Wednesday, April 29, 2015

On Raising the Minimum Wage

So, the argument goes something like this:  If you raise minimum wage, corporations will pay for that cost by raising prices, thereby increasing inflation, and we'll all be poorer for it as everything gets more expensive.  The problem isn't wages, but inflation. Therefore, we should not increase minimum wage.

It follows, that it's necessary that some people work full time yet live well below the poverty line because otherwise, if we raise their wages, they'll end up even poorer because everything will costs so much more - right?  So, we're actually helping people by maintaining a lower wage for them and letting them choose between heat or food.  We're awesome! 

I don't buy it.

Check out this video.  It's worth it to watch the whole thing even though it's 25 min.

The counter-argument:  If we raise minimum wage in corporations that are profiting, they will see a slight reduction in profits, and the CEOs will take home a little less. Raising prices is NOT a necessary result of raising wages.  Yes, that's right.  I think the company should eat the loss, and a recent Business Insider article agrees. The video shows that in States that raised the minimum wage, "Across the board rigorous research makes it very clear that business have been able to afford the wage increases."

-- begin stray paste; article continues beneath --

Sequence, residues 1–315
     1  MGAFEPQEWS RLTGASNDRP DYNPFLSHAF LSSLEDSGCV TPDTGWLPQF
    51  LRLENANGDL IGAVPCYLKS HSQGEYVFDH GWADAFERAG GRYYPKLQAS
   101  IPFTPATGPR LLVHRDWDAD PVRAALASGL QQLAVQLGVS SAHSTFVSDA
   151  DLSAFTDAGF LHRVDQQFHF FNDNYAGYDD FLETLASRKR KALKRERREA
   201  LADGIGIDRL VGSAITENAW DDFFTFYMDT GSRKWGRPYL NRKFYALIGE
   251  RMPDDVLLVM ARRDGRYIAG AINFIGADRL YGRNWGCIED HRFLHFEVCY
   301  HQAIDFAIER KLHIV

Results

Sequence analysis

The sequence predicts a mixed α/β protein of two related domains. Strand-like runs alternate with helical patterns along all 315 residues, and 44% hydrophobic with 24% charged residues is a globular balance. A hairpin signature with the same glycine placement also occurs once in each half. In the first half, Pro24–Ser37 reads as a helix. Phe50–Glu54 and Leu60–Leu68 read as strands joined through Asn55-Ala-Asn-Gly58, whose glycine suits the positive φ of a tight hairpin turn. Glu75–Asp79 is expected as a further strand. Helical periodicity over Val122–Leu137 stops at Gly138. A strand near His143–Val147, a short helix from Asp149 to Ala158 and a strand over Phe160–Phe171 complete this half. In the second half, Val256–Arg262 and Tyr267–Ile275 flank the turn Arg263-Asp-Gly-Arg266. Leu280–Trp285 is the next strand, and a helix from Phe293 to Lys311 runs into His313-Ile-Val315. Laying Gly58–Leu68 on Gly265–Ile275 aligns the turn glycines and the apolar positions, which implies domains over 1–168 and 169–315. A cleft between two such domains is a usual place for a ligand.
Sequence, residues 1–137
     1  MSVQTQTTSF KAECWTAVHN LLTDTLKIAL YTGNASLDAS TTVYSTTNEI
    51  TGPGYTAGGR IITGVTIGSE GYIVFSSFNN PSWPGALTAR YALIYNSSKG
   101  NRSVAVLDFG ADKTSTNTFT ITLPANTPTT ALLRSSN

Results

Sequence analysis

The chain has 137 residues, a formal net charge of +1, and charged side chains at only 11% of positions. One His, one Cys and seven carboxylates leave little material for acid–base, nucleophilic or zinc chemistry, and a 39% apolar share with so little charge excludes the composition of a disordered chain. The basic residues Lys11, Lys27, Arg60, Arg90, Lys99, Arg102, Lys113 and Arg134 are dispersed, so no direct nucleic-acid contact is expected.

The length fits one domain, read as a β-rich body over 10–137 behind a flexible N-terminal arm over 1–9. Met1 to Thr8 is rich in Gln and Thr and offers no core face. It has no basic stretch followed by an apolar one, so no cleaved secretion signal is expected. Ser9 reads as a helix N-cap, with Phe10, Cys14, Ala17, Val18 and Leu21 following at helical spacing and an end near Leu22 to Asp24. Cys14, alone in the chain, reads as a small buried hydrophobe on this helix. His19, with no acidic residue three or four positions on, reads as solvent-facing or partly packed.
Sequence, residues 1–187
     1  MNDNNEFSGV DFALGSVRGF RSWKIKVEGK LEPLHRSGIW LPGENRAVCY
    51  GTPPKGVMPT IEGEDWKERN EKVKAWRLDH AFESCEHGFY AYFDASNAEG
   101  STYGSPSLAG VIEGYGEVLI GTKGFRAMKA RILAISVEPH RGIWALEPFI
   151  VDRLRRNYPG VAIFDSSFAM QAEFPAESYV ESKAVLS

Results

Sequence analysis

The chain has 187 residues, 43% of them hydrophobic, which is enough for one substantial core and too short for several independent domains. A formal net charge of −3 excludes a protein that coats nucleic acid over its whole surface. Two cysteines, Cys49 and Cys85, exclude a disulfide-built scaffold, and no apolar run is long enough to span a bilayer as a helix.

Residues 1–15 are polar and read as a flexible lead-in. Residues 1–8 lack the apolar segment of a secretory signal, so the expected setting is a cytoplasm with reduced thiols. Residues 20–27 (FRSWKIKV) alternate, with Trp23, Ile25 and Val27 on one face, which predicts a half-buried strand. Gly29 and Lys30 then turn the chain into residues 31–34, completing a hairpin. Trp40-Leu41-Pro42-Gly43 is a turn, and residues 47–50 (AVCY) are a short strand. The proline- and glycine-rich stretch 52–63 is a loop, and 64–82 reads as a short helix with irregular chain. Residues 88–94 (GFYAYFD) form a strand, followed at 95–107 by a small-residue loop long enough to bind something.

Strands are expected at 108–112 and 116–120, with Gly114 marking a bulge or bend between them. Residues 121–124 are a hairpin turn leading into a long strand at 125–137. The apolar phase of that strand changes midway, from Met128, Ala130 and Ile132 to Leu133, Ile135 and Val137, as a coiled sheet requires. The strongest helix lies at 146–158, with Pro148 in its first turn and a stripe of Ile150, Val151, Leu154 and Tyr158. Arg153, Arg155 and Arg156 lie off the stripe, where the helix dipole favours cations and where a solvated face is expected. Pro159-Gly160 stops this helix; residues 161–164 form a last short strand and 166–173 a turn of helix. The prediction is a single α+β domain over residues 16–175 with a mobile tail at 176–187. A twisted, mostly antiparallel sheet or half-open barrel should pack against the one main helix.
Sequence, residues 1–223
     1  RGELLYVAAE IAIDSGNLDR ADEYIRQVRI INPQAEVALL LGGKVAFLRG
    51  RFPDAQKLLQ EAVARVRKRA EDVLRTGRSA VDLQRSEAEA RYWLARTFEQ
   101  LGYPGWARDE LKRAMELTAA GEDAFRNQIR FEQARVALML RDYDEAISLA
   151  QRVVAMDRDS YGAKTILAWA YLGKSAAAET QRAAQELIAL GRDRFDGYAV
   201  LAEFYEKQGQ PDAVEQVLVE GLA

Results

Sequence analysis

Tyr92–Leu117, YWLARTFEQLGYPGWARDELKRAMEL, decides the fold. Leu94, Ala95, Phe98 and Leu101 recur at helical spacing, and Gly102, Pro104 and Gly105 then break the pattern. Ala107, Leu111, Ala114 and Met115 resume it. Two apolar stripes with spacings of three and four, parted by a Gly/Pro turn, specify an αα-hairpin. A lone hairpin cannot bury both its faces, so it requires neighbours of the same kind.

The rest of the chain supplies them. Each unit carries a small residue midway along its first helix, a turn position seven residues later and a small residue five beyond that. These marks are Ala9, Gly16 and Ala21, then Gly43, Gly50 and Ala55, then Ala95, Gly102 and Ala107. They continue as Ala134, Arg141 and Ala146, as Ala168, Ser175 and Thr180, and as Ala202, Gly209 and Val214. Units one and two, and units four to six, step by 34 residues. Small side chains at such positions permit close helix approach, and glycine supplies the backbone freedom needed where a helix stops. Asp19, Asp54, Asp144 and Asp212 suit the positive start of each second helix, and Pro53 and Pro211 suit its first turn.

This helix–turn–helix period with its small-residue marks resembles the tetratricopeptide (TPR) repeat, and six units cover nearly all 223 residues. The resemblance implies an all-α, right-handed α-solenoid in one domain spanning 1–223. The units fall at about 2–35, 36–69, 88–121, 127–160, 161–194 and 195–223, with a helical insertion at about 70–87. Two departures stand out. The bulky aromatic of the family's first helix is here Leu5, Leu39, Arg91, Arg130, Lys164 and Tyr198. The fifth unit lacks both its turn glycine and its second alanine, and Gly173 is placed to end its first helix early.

AND, the increase in wages stimulates more spending from a ton of people who can now actually afford a luxury or two.  Maybe even a hamburger.  So, overall, the increase in spending counters loss from actually paying people a respectable, living wage.   It's not a matter that nice corporations ate the loss for the good of society, but that corporations didn't experience a loss.  They can maintain profits by increasing the number of people who can buy their stuff.

The one line near the end of the video makes a different point that's equally important.  Since there are too many variables to have any certainty with respect to precisely what one company will experience when they raise wages, we have to stop looking at it economically and start looking at it ethically.  It's just wrong to pay people a wage that forces them to work more than 40 hours/week in order to meet basic survival needs.

I always go back to Rawl's veil of ignorance assignment on issues like this:  If I were to create a society in which I didn't know which position I'd end up in, would I maintain that some people can be paid less than is enough to survive?  Because that could be me.  And, in real life, right now, if something happened to me, it could be my kids.  Full time workers shouldn't have to live in poverty - especially not so others can maintain their standards of ridiculous excess.   

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